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Why do some American cities diversify, improve, innovate and grow? While other cities – most recently and egregiously Detroit – stagnate, shrink, and ultimately fail financially?
I’m way outside of my intellectual comfort zone when it comes to commenting on urban planning policy, but reading Jane Jacobs’ classic The Death and Life of Great American Cities this summer has armed me with enough thoughts to be dangerous. 
: I read one book and suddenly I’m an expert on urban planning. You should have seen my confidence with all things medical after I took a 2-week First Responder course. I’m pretty sure I could be a country doctor if it wasn’t for those pesky malpractice laws.
Jacobs published this over fifty years ago, but her observations and arguments seem right on target.
I visited New York City last week – my home for 13 years but now just a vacation spot for me – and I heard Jacobs whispering in my ear about the whys and hows this continues to be a dynamic, innovative, prosperous place. It’s the most exciting place on planet Earth to walk around, stone cold sober, on any given Thursday at 2pm.
A Serious “Homer”
If there’s any obvious critique of Jane Jacobs, she’s what the sports fan world calls a serious homer. She loves her Greenwich Village circa 1960 (The Death and Life was first published in 1961), and she returns again and again to the ways in which her diverse neighborhood outshines anywhere else.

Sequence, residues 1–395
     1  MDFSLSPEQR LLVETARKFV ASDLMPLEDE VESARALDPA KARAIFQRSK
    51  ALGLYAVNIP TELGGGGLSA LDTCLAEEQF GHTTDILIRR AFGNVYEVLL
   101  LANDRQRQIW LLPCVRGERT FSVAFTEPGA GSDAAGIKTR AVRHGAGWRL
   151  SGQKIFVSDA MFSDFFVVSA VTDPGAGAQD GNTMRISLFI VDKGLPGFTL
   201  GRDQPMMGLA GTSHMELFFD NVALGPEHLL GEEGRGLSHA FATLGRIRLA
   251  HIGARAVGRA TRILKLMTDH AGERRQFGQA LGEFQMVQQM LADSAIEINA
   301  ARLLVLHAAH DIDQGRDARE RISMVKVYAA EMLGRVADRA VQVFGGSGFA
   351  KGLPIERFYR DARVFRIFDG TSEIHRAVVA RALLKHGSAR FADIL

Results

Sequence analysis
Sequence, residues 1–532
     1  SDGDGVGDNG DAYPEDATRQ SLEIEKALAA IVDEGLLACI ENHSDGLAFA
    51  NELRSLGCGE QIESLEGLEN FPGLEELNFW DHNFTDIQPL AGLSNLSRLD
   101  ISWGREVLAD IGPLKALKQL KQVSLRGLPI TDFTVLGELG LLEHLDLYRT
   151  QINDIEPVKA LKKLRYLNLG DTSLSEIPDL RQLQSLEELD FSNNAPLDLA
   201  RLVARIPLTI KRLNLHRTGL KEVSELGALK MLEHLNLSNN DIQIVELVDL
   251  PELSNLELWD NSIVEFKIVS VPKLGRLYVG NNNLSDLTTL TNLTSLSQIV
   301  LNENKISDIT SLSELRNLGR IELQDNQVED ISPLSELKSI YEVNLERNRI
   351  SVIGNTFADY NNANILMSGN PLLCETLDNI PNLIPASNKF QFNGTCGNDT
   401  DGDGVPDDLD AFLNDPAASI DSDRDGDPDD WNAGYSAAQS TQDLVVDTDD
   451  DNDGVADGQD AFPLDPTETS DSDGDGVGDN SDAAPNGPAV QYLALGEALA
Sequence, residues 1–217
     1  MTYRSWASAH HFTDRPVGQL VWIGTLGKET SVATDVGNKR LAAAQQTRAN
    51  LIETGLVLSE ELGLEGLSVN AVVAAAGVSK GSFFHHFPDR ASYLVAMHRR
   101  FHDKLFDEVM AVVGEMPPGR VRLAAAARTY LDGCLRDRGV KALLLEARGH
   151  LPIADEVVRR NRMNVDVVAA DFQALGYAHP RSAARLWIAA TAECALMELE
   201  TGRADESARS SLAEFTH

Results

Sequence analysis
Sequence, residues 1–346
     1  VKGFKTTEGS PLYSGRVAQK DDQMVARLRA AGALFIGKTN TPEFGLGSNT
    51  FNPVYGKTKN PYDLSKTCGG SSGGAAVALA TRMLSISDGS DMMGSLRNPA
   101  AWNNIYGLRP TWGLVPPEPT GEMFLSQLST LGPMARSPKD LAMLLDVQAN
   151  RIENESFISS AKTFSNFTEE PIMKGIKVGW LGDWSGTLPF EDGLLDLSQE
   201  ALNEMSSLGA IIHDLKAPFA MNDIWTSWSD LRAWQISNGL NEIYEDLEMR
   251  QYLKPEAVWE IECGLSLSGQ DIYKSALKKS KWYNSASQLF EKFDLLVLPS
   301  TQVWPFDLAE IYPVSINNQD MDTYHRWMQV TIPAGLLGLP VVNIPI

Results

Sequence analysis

She considers and praises certain other successfully rejuvenated neighborhoods within great American cities, such as Boston’s North End, Chicago’s Back-of-the-Yards, Rittenhouse Square in Philadelphia, and Georgetown, in the District of Columbia.
But virtually all other cities she ignores or – like Los Angeles – actively denigrates. The rest of urban and suburban America she refers to sweepingly as “The Great Blight of Dullness.”
So, we may acknowledge upfront that she’s a teensy bit narrow in her praise and appreciation for large parts of urban America.
And yet, when I think about the Leave It To Beaver America of 1960 to which she’s comparing Greenwich Village, can you blame her? And when I think about the monstrosities of city planning that has led to unbounded suburban sprawl from 1960 to the present day, she’s far more right than wrong.
As to the keys to successfully rejuvenating cities and the common errors of urban planning, as far as I can see, she was absolutely Capital R Right about it all then and even more so today.
The key to a vital city – Diversity